When Kelly Ryan was working for Omaha Steel Works in his early 20s, more than 75 years ago, he was severely injured when a hoist fell on his back.
“He was done working there after the injury because there was no such thing as work comp benefits in those days,” said his daughter Kathy Cook, who is one of the owners of the Blair, Nebraska firm, Kelly Ryan Equipment Company, Inc.
While he may have been done at that job, Ryan was not done with life. In fact, the experience helped launch his dreams.
“At that point, Dad decided to start his own company with the mission of building farm machinery of his design and providing a place of employment where employees would be treated the way they should be,” Cook said.
The late Kelly Ryan grew up on a farm northwest of Blair and quit school after the 10th grade to help his family on the farm. While he did not have a high school diploma or college degree, he had his strengths.
“Mechanically, he was a genius. I guess you could say he started the company at age 26 after attending ‘The School of Hard Knocks,’” Cook said.
With Ryan’s determined spirit, driven to treat others right and create something farmers could use, during the 1940s and 50s, the company employed up to 400 people operating four different plants in the Blair area. They worked around the clock producing and shipping up to 100 elevators a day to be used for elevating hay bales on thousands of farms.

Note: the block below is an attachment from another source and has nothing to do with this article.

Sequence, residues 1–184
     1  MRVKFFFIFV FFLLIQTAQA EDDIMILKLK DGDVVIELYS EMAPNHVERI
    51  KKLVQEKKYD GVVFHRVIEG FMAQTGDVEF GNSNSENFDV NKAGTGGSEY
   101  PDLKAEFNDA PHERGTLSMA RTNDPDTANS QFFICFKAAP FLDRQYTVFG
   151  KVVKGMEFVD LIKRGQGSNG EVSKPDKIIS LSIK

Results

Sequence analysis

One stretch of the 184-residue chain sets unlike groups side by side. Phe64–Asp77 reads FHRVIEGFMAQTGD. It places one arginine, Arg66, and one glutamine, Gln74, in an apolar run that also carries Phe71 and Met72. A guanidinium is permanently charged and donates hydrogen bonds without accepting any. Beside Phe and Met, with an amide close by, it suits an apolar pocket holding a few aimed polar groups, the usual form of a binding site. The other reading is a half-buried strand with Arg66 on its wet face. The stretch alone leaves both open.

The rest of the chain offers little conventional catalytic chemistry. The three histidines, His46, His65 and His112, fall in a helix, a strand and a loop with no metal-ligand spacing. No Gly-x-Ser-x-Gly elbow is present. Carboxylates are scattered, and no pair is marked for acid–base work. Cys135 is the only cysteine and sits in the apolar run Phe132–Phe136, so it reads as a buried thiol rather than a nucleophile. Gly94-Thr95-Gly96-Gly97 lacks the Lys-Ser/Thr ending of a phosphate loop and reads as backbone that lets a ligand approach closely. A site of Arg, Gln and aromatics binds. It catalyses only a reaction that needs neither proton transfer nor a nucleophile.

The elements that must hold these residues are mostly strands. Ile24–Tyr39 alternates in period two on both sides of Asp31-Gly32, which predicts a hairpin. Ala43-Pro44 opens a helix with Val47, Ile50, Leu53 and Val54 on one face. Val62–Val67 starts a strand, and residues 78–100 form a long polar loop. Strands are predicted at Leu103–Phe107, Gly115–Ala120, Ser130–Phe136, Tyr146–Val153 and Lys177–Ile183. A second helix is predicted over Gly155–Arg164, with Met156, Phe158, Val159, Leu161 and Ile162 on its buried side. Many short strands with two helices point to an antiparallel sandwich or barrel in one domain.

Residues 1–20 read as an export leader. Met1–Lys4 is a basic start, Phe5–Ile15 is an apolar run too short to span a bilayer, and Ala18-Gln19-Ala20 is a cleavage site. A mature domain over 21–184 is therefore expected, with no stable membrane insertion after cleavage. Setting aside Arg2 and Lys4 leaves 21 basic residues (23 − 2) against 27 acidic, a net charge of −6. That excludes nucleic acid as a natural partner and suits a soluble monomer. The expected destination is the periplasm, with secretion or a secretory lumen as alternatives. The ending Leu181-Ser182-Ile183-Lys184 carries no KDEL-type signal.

“Once in a while you will still see a yellow Kelly Ryan elevator on farms in Iowa, Nebraska and Illinois,” Cook said.
Ryan married his wife Mardelle (Kuhr) in Blair and had one son, Jim and three daughters, Nancy (Frazier), Janis (Rogge) and Kathy. They were married in December 1941 right after Pearl Harbor.
After a short time of living in Omaha and working out of his garage, Ryan moved his family to Blair and launched the farm equipment manufacturing business bearing his name.
“I remember hearing people in the family talking over and over about how Dad’s goal was to have a business where employees were well-treated and respected,” Cook said. “I am happy to say we have tried really hard to continue that tradition as his kids. Having former and current employees saying it’s a great place to work means a lot to us.”